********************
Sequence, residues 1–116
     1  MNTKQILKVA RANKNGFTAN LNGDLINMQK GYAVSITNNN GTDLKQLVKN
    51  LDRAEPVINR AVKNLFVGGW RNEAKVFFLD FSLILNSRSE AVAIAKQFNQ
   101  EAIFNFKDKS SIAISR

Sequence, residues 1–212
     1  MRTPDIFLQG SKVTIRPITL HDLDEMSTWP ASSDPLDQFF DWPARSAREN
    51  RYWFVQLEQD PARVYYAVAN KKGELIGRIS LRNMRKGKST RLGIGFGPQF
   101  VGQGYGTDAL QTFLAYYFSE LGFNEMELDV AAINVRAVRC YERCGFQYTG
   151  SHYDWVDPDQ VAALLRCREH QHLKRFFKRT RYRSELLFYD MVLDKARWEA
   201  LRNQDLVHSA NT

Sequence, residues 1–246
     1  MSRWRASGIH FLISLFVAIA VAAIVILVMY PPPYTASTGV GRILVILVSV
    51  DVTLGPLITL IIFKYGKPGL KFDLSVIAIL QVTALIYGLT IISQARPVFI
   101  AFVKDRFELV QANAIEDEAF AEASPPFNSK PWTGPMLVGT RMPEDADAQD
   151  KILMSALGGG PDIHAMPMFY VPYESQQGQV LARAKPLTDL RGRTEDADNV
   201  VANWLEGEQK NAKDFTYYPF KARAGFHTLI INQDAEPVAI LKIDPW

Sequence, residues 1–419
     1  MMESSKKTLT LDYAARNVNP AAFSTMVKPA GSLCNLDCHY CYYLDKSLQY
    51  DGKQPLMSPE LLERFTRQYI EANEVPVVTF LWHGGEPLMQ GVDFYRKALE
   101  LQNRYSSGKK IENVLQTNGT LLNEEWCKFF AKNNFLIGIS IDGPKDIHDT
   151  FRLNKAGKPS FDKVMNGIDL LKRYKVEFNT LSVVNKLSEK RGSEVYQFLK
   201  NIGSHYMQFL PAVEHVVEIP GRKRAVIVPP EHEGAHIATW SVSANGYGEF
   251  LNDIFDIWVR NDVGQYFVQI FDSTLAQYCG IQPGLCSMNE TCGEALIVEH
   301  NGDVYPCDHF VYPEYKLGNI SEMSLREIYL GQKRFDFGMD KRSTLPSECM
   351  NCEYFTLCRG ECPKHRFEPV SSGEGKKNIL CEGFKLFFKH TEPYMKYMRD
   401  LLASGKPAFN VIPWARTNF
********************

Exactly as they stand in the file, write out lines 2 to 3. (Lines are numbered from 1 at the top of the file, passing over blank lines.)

     1  MNTKQILKVA RANKNGFTAN LNGDLINMQK GYAVSITNNN GTDLKQLVKN
    51  LDRAEPVINR AVKNLFVGGW RNEAKVFFLD FSLILNSRSE AVAIAKQFNQ